Chris Jass goes on to state that he has “been working with a diver who has been pulling bones out of Cold Lake, and we’ve got Pleistocene dates (>11,700 years ago) on a bison that he’s recovered from the lake. I think there is considerable potential for recovery of late Pleistocene/early Holocene (ca. 11,700 years ago) material in many of the lakes in Alberta.”
On September 7, 2016 Corey Cookson, Project Archaeologist at Tree Time Services, and Christina Barron-Ortiz, Assistant Curator at the Royal Alberta Museum, made the trip up to the Gaudreault’s home to view the rest of their collection. Christina Barron-Ortiz is a specialist in horse and bison teeth. She confirmed that the horse tooth has the characteristics of several specimens the Royal Alberta Museum recovered from the lake bed near Cold Lake, AB. She also suspected that the bison jaw bone represented ancient bison but could not be as sure as the horse. With permission from the Gaudreaults, the bison jaw and horse tooth were collected and results from carbon dating are expected in the Spring.
Aggregate pit applications, even renewals, are regularly triggered for Historic Resources Impact Assessments in Alberta. This is mostly due to two factors: their location, and their impact levels. Good sand and gravel deposits are often located near watercourses, especially major rivers, and the presence of coarse parent sediment usually gives them better drainage than surrounding terrain. High, dry ground next to water is exactly the kind of place people have been camping for thousands of years.
The second factor is the expected impact. Other development types, like forestry or seismic, may disturb sites, but will leave some or most of them intact. By their nature, aggregate pits will result in complete destruction of any archaeological sites that may be in their footprint. Once an archaeological site is destroyed, it’s gone forever. This means the province only gets one chance to find, understand and protect sites if they’re in a planned gravel pit. The survey intensity and mitigation standards are therefore more stringent.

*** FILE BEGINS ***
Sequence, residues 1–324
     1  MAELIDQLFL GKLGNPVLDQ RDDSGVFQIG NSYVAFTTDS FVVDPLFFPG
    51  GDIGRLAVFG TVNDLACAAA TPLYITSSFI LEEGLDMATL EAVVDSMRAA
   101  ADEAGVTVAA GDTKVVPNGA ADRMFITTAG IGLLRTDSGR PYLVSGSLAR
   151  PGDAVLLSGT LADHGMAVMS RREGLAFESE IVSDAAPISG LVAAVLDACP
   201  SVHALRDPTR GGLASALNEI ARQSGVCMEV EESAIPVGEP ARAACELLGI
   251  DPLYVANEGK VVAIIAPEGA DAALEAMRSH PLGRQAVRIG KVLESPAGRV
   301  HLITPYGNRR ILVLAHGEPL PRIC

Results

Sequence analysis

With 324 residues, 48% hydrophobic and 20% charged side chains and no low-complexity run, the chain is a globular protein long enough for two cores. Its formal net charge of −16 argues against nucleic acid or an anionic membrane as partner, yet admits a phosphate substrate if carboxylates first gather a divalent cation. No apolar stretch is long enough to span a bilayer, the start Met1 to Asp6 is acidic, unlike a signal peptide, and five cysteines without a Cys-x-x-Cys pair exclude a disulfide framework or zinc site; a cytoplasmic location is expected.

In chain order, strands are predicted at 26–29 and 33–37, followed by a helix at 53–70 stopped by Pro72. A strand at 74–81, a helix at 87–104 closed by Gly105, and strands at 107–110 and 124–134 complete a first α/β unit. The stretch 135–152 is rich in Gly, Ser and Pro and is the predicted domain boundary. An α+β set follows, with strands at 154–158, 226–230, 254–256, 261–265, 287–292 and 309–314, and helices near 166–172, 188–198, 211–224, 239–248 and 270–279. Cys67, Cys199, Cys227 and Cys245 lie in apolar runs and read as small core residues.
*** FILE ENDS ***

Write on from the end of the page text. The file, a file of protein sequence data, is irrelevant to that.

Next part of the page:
Gravel pits also have a high potential to contain quaternary (ice age) mammal fossils. Bones and tusks from ice age animals like mammoths, extinct bison and sabre toothed cats were often deposited in gravel bars along ice-age rivers. These gravel bars are the gravel seams that the modern aggregate industry targets.
Alberta Culture released new guidelines for gravel pit Historical Resources Act compliance two years ago. In short, pits under 5 ha require an HRIA if there’s a known site in the immediate area. Pits over 5 ha require an HRIA if there’s a known site, or if the land is deemed to have high archaeological or palaeontological potential.
The 2004 Code of Practice for sand and gravel pits says that gravel pits “may be required to shut down if artefacts are discovered during operation of the pit” (section 8.3.6). This is very rare. Usually if an archaeological site is found during the HRIA, it can be avoided or archaeological digs (mitigative excavation) can be done to salvage a sample of the site before development. If archaeological or palaeontological resources (for example arrowheads, stone tools, ice age mammal or dinosaur bone) are found during operation, the pit operator is required to report it (this post explains how), and some salvage may be done, but it’s unlikely the pit will be shut down. Alberta Culture and historic resource management professionals like us work to balance economic development for Alberta’s future with preservation of it’s past.